Tesla Gen III Hinges Upon Gigafactory Breaking Ground

Does the Tesla Gen III Model E mass-market sedan need the Gigafactory to be successful? That’s what Chris Porritt, Tesla Motors vice-president of engineering seems to hint at.

What Porritt also mentioned was an enigmatic: “Building the Gigafactory will help make battery manufacturing more cost-effective”, referring to the Model E, which is expected late 2016 to early 2017. Does this mean, he associates the battery price and the Model E’s success with the launch of the Gigafactory? It certainly sounds like it.

Model E needs the Gigafactory to succeed

Tesla-Freemont-Model-S-AssemblyIn order for Tesla to get ready to build and launch the Gigafactory, we know it will require roughly $5 billion by 2020, resources, and strategic partnerships and locations. The Gigafactory is a feat of engineering and will need to be conveniently located so that any electric vehicles (EV) Tesla Motors builds can be reached in an efficient way. California seems like the most likely candidate, since Tesla builds its Model S there presently.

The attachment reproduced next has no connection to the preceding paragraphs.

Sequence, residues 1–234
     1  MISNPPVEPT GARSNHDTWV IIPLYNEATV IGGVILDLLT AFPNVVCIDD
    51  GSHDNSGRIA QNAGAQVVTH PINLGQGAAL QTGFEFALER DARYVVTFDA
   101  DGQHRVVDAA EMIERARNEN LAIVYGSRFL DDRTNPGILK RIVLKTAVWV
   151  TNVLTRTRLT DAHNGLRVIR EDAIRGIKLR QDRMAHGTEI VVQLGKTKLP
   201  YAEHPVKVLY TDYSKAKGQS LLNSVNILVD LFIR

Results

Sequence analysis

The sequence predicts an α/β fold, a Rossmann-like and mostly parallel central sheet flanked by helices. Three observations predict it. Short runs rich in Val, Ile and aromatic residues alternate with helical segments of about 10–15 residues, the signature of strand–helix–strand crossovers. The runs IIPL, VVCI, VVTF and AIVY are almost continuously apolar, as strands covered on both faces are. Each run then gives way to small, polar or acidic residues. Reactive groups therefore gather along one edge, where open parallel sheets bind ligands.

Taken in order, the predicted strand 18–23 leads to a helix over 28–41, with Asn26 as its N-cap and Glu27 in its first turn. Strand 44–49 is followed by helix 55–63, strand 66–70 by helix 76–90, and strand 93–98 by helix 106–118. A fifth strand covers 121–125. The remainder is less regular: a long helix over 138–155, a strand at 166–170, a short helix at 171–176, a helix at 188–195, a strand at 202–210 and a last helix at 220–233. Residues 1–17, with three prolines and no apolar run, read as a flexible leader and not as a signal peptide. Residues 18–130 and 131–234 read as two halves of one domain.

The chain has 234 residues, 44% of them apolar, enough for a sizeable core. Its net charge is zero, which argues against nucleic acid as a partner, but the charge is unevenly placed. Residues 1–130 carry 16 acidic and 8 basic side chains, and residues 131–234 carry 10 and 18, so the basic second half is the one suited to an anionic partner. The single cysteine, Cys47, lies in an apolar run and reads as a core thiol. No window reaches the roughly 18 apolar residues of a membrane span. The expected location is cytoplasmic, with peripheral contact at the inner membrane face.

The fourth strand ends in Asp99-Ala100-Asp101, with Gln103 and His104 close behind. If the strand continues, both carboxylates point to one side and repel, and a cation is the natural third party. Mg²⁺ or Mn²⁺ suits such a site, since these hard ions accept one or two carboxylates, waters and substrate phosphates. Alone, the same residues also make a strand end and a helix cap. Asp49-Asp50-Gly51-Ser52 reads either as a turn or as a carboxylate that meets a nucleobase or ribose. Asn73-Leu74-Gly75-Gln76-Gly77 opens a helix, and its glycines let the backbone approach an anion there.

ALSO SEE: Third-Generation Tesla ‘Model E’ Will Utilize Steel Construction

But if Tesla is to reach its goal of shipping 500,000 cars a year, more than 10 times its current output by 2020, it most likely will have to do this without the help of the federal subsidies. It will need the help of Panasonic, which it has to date, as well as other key players in the energy storage field. In order to do this – make the Tesla Gen III an affordable success, it is becoming clearer that they’ll need to build at least one Gigafactory in less than a year before the next-gen EV is produced. This complicates matters much more than simply launching a new car?

Tesla Gen III without the Gigafactory?

The Model E could be launched without the Gigafactory. After all, Tesla has already successfully launched two cars without it, and is about to do the same with the Model X. However, launching it without the factory would make it very hard to meet a low price point of $33,000 and still maintain roughly 200 miles of range. Porritt’s quote directly links the commercial success of the Model E with the Gigafactory.

The success of the Model E, Tesla’s Next-Gen of electric cars, hinges on the successful building and implementation of the Gigafactory.

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